If you’ve spent anytime recently trying to wrap your head around the GOPs proposed healthcare plan to determine how exactly it’s different from Obamacare, we feel your pain.
Unless you’re a politician or a lawyer, it’s pretty hard to read all of the jargon and make any real sense of it. In an effort to try and catch you up to speed, and without going into the vast amounts of bullet points each one contains, here is the core difference between the two plans.
A shared goal
First, you’ve got to understand that the healthcare debate is such a hot one because both sides of the aisle have fundamentally different ways of pursuing efficiency. Both Republicans and Democrats want the same thing, which is to tackle the problems within healthcare and arrive at a solution that balances quality of care with fair pricing, but each has a different opinion of how to get there.
With different strategies
Conservatives believe that a competitive market is the way to go. They would use taxpayer money to create a system where American consumers would benefit within a marketplace where insurers would offer very different options. Healthcare coverage and pricing would then be driven by consumer’s choices. Republicans also feel that the federal government’s role in healthcare should be much smaller than it is now. They believe individual states should be responsible for making individual plans easier to get.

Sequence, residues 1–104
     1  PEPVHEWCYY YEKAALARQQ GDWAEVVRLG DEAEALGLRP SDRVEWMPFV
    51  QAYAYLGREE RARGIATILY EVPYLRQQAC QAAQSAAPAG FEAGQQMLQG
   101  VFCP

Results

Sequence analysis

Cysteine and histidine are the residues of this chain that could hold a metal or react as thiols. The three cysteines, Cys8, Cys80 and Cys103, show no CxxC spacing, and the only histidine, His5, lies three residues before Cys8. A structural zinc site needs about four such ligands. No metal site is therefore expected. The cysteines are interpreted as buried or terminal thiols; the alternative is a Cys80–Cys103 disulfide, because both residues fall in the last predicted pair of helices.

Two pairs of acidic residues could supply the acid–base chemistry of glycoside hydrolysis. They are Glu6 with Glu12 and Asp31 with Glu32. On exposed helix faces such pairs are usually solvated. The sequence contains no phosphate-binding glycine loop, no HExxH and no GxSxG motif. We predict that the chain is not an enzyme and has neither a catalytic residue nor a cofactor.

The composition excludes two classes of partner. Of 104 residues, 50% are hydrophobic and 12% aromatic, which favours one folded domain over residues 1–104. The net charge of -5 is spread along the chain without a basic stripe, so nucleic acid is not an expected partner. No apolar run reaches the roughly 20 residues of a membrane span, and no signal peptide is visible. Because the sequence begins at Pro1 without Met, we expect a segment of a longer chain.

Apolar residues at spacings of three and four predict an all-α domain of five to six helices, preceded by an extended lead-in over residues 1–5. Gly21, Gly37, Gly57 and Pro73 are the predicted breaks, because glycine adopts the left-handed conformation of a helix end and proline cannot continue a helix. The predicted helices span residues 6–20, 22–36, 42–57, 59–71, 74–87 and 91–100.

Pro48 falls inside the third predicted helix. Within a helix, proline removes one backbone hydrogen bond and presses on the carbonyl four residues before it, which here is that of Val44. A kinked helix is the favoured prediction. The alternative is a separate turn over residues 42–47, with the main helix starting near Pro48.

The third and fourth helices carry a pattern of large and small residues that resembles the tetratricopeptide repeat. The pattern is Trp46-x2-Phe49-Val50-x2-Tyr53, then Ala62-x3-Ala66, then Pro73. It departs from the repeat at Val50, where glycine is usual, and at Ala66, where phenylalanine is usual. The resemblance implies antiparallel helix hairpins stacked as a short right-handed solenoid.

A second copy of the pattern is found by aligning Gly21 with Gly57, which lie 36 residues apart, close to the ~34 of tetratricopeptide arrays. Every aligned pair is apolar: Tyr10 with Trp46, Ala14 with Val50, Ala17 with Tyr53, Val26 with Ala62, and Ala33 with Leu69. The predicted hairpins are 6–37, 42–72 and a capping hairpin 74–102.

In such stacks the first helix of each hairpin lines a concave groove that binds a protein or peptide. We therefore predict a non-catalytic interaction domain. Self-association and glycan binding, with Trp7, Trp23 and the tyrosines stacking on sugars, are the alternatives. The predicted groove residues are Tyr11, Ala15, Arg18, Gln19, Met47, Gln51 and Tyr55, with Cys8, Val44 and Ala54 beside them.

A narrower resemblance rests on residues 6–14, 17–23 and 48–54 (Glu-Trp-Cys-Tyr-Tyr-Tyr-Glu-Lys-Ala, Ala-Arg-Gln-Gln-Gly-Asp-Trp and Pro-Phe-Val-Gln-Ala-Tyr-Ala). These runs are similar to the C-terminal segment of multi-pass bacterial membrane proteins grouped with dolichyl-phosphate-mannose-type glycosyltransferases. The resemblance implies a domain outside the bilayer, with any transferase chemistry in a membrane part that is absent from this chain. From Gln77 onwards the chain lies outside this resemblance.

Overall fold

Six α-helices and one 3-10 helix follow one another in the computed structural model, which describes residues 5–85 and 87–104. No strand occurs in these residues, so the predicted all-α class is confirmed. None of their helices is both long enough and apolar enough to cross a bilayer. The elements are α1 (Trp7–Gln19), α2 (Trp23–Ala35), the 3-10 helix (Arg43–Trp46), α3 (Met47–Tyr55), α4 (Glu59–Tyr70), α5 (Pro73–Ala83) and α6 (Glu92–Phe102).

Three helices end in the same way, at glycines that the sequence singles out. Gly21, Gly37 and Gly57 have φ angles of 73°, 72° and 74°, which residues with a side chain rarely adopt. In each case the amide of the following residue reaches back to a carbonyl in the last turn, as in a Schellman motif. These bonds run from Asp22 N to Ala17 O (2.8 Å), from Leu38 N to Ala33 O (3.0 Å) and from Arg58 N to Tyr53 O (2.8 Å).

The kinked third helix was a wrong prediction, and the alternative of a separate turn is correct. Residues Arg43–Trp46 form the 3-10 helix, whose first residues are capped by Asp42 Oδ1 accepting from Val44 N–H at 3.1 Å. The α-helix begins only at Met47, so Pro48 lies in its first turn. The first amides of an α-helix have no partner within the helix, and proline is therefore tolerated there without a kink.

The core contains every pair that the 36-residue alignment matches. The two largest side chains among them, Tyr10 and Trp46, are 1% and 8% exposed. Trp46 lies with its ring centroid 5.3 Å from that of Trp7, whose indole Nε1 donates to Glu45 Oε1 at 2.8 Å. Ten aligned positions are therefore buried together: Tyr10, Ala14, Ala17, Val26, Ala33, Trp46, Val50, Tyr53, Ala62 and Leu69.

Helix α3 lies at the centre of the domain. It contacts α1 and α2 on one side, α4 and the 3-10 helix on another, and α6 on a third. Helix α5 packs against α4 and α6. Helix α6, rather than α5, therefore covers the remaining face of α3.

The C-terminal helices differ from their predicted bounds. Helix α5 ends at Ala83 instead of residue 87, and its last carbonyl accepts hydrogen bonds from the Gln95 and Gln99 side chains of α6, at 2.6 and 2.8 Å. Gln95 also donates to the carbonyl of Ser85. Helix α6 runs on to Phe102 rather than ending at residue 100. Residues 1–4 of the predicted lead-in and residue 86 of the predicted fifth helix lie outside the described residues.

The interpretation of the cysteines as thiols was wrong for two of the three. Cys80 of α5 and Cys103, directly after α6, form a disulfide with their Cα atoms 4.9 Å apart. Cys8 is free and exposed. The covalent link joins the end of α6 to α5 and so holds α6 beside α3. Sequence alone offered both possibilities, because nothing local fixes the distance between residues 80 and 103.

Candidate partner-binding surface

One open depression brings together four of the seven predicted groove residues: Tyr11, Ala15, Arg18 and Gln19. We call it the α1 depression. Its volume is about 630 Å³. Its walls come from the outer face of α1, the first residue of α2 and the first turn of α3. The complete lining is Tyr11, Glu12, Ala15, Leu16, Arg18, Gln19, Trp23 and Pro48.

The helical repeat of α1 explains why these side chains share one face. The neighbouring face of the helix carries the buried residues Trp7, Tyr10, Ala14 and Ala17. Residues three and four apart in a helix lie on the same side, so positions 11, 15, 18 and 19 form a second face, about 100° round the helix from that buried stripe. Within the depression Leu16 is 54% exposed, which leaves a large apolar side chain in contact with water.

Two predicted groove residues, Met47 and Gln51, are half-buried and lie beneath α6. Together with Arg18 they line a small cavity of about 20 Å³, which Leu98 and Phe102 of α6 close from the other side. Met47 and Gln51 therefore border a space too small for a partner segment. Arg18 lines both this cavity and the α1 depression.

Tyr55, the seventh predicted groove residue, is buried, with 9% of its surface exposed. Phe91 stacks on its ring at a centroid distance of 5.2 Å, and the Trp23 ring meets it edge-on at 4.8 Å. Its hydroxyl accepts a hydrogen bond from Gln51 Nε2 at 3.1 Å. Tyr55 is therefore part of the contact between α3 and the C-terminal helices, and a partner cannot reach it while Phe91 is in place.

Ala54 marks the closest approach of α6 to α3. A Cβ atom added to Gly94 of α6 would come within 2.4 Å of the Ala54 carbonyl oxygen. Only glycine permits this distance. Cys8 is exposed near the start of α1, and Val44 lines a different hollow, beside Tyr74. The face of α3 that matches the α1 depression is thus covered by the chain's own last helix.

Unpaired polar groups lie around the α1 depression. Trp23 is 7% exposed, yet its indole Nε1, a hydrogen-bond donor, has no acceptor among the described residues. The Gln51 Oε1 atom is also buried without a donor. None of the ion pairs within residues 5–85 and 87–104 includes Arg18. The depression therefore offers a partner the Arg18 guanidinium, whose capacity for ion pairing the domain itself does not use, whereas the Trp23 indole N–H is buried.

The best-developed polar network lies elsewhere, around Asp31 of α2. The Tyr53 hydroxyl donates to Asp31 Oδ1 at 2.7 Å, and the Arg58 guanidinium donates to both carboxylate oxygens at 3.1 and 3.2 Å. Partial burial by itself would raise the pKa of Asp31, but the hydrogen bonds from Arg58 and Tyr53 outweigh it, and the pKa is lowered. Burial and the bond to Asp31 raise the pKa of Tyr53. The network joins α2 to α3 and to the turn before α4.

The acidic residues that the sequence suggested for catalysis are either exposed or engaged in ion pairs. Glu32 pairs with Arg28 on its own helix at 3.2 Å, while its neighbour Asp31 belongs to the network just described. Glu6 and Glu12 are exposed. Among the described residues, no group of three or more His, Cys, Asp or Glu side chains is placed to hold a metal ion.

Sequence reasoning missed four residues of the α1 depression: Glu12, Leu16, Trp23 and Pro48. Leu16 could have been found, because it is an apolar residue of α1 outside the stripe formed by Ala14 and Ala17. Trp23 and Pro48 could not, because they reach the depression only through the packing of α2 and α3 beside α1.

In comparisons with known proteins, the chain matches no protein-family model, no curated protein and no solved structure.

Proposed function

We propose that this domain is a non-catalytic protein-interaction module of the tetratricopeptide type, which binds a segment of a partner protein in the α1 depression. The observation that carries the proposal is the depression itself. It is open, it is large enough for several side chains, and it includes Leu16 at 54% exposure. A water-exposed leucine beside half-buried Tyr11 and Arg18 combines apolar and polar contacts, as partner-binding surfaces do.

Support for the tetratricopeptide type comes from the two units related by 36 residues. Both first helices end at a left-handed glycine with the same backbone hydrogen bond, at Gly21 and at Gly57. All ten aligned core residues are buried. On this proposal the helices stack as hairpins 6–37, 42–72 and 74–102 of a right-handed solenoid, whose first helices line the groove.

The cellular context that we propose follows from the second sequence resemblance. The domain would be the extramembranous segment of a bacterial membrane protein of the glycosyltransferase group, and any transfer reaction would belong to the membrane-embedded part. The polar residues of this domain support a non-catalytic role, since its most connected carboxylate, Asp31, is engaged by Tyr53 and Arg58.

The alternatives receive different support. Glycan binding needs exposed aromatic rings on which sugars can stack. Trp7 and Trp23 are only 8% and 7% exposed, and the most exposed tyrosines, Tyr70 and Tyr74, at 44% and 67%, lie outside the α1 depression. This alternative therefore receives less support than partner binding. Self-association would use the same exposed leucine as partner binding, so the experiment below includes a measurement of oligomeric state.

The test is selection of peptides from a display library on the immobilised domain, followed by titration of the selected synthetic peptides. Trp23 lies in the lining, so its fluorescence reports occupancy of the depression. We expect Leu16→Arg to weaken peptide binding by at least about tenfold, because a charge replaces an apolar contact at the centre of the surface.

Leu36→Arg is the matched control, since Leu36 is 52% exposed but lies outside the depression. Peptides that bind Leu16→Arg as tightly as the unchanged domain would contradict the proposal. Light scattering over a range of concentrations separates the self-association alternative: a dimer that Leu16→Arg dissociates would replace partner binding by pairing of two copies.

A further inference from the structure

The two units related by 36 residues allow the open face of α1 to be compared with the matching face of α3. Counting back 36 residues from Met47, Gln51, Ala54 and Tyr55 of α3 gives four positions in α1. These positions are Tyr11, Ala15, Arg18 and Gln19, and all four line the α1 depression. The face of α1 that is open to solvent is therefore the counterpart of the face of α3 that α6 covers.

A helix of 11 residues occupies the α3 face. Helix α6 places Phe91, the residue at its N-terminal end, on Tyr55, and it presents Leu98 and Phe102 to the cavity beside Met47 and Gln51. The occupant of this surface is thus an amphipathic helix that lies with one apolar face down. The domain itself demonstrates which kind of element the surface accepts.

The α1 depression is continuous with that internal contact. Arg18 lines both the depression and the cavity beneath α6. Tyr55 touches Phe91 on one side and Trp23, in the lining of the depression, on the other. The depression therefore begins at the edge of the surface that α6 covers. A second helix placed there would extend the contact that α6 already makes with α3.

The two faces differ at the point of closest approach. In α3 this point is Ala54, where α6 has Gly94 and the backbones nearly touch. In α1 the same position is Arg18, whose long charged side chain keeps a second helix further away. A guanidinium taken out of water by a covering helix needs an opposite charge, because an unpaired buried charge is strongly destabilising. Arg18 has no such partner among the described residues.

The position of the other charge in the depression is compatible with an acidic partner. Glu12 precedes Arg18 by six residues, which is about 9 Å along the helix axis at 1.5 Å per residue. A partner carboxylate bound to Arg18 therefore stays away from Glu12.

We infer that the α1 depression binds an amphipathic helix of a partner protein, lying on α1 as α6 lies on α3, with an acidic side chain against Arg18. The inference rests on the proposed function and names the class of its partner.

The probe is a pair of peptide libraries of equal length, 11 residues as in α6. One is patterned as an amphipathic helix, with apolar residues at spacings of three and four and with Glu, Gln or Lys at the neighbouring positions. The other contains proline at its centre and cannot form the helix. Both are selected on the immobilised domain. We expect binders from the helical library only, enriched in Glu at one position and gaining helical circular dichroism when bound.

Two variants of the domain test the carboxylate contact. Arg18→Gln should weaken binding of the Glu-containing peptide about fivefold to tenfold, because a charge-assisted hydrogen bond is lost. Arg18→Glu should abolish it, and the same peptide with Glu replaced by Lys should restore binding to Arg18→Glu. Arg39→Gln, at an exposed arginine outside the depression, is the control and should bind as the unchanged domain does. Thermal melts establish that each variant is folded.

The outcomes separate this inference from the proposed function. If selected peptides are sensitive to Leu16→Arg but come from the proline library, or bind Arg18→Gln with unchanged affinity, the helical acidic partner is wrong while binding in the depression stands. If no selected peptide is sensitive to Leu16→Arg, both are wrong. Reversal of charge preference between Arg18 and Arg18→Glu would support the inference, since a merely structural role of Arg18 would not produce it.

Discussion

Liberals believe the answer lies not in the competitive marketplace but in a centralized design where purchasing decisions are in the hands of the government. Individuals purchase coverage from state and federal insurance exchanges instead of traditional private market providers, and the affordability of plans comes from subsidies.
There. You are now educated on the main difference between the competing plans.
The bottom line is, both the Republicans and Democrats have some good ideas and not so good ideas in each of their healthcare bills. Ideally, for the American people to truly be served and offered affordable healthcare coverage, ideas from both sides of the aisle would be combined into one cohesive plan that would make the most sense.
Will this ever happen? Time will tell.
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